There is confusion in the leading opposition party in Nigeria, All Progressive Congress, APC over the fate of 37 federal lawmakers as an Abuja Federal High Court had fixed July 8th for hearing of the suit filed by the Attorney General of the Federation Mr. Mohammed Bello Adoke, SAN seeking to compel the Speaker of the House of Representatives, Aminu Tambuwal to declare the seats of the 37 members of the House who defected from the Peoples Democratic Party (PDP) to the Action Congress of Nigeria (ACN) vacant.
One of the lead counsel in the matter who pleaded anorminity with Sunday pilot said that there is confusion in the party as the affected rep members are threatening the party leadership that if they don’t intervene in the matter that is in court they will run back to their former party(PDP).
According to the laywer, the party is in fear as they await the decision of the federal High court on the matter.
Following the judgment of Justice Adeniyi Ademola, the minister of Justice and the Attorney General of the federation had approached the court not to allow the lawmakers who defected to APC to participate in the proceedings of the House.
The AGF approached the court for an order of injunction restraining the House of Representatives from further allowing the affected 41 members o from further participating in all the activities of the House.
When the matter came up at the last adjourned date for mention before Justice Ahmed Mohammed, counsel to the AGF, Ade Okeaya-Ineh, SAN asked the court to direct the parties to file their written address.
Counsel to the House and the Speaker, Mahmoud Magaji, SAN did not object to the request to file written addresses.
Justice Mohammed consequently directed the parties to file their written addresses and adjourned the case to July 8th for hearing.
In a suit, FG asked the court to declare that in the light of the combined effects of sections 68(1)(g), 68(2) and 49 of the constitution and the decision of the Supreme Court in the case of Oloyo V Alegbe (1983) SCNLR 35 as well as the decision of Justice Adeniyi Ademola in Suit No: FHC/ABJ/CS/4/14, the House of Reps was not properly constituted and lawfully composed as enisaged by Section 49 of the Constitution.
FG also asked the court to declare that the House, in view of the authorities cited above, was not properly constituted or composed as envisaged by section 49 of the Constitution to lawfully exercise its general legislative powers and functions under section of the constitution as distinct from proceedings.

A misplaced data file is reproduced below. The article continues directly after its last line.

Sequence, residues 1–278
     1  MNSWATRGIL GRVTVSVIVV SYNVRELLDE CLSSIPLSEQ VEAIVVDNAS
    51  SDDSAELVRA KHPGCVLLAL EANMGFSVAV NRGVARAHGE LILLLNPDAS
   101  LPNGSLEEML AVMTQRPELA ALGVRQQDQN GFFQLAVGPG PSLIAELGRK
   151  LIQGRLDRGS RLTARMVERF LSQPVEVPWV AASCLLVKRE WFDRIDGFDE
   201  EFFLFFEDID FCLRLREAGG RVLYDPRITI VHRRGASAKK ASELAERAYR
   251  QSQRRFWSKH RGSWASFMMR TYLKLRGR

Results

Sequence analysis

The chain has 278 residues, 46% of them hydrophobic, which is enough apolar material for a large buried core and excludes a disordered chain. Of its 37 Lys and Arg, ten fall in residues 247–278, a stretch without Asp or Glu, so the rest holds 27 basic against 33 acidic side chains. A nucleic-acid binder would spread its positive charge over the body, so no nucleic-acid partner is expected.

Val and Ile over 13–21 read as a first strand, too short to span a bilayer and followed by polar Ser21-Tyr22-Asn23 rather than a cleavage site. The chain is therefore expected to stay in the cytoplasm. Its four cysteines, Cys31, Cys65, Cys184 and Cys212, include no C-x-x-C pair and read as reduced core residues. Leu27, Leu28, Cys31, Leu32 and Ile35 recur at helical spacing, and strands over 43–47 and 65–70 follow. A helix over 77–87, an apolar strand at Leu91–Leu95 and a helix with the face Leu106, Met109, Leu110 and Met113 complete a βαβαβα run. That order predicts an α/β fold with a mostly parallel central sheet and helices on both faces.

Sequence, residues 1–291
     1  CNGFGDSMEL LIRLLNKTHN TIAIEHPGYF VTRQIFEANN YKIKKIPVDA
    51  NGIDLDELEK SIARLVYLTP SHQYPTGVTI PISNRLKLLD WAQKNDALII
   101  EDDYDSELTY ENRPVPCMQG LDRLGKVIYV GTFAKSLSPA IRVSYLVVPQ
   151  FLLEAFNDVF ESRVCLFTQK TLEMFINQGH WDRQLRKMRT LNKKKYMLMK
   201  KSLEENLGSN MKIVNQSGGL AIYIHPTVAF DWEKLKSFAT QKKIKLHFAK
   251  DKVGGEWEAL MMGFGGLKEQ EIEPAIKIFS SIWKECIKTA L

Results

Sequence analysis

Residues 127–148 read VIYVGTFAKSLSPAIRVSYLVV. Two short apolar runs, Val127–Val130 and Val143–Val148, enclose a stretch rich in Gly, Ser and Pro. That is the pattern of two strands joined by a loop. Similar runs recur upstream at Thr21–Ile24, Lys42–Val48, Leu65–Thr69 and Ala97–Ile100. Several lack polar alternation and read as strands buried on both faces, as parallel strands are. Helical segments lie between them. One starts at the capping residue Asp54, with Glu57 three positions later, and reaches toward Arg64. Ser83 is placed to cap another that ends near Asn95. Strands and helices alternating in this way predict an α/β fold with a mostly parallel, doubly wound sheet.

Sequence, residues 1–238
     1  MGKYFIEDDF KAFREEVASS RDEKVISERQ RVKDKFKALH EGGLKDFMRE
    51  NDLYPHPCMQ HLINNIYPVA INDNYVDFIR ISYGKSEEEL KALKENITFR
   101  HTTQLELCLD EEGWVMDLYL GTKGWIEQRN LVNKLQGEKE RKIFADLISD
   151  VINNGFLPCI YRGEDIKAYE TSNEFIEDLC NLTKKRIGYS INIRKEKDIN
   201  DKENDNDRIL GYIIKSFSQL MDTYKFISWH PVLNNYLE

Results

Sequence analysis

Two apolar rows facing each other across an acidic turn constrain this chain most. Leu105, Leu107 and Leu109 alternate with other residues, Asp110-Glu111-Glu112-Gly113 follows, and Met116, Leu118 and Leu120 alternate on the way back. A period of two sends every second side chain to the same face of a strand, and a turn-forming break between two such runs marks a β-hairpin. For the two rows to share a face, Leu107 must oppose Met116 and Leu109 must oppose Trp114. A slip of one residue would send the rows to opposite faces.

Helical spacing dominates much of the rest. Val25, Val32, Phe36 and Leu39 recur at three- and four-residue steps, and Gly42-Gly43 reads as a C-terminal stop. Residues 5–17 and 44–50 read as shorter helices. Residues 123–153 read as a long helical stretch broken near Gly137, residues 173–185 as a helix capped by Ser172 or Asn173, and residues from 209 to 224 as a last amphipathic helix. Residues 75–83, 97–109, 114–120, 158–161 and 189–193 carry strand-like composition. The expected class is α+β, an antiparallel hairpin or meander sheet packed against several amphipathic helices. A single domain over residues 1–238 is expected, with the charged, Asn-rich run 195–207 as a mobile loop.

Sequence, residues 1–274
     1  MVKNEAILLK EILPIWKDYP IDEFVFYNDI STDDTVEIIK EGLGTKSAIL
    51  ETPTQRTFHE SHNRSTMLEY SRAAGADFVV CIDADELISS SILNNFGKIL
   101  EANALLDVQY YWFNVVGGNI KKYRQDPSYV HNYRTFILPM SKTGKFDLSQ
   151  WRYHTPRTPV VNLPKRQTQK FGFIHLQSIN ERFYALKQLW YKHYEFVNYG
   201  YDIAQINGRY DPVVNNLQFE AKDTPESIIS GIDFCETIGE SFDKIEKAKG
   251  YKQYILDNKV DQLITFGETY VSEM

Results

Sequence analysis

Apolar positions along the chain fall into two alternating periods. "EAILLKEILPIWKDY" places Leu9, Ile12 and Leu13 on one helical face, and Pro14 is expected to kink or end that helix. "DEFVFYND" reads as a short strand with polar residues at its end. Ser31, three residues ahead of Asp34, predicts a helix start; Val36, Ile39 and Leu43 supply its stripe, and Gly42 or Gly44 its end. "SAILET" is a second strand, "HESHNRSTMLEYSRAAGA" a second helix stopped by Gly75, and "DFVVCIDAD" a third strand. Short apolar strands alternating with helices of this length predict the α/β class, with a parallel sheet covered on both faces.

It asked the court to declare that the House of Reps and the Speakers of the House, in view of the authorities cited above, could not lawfully count the votes or presence of the persons affected by the said decision of the Federal High Court, for purposes of determining if a bill was carried or not, and for purposes of quorum of the House or its committees under section 62(2) of the constitution respectively.
Also, government also relying on the authorities cited above, asked the court to declare that the Speaker should not continue to accord to the persons affected by the said decision of the Federal High Court, the rights and the privileges of the members of the House of Represnetatives.
Only the House of Reps and the speaker were listed as the defendants in the Originating Summons filed on behalf of the AGF by Ade Okeaya-Inneh, Dr Fabian Ajogwu and Solomom Umoh all Senior Advocates of Nigeria.
Government also posed four questions for the determination of the court all of which bordered on whether the affected lawmakers could continue to sit in the House in view of the judgment by Justice Ademola.
In an 18-paragraphed affidavit deposed to by one Kenechukwu Nomeh, a lawyer in the chambers of Ade Okeaya-Inneh and Co., government said that despite the judgment by Justice Ademola, the Speaker, “has filled, neglected, or refused to give effect to the decision of the Federal High court by declaring the seat of the affected members of the House vacant contrary to the provisions of Section 68(2) of the constitution.”
Government said that unless the court compel him, Tambuwal would not comply with section 68(2) and declare the seats of the affected lawmakers vacant.